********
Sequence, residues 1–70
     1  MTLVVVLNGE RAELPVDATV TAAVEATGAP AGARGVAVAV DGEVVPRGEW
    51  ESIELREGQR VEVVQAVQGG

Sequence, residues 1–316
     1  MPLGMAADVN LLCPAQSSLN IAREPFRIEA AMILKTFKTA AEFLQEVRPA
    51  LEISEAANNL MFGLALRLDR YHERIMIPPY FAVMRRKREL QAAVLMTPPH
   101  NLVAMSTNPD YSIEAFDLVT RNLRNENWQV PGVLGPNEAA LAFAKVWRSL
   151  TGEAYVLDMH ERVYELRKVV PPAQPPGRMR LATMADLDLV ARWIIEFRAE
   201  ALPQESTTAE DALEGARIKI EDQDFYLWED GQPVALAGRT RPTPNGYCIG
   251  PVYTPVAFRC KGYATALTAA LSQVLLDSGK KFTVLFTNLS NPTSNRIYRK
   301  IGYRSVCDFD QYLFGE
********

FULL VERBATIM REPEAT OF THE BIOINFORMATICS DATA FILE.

Sequence, residues 1–70
     1  MTLVVVLNGE RAELPVDATV TAAVEATGAP AGARGVAVAV DGEVVPRGEW
    51  ESIELREGQR VEVVQAVQGG

Sequence, residues 1–316
     1  MPLGMAADVN LLCPAQSSLN IAREPFRIEA AMILKTFKTA AEFLQEVRPA
    51  LEISEAANNL MFGLALRLDR YHERIMIPPY FAVMRRKREL QAAVLMTPPH
   101  NLVAMSTNPD YSIEAFDLVT RNLRNENWQV PGVLGPNEAA LAFAKVWRSL
   151  TGEAYVLDMH ERVYELRKVV PPAQPPGRMR LATMADLDLV ARWIIEFRAE
   201  ALPQESTTAE DALEGARIKI EDQDFYLWED GQPVALAGRT RPTPNGYCIG
   251  PVYTPVAFRC KGYATALTAA LSQVLLDSGK KFTVLFTNLS NPTSNRIYRK
   301  IGYRSVCDFD QYLFGE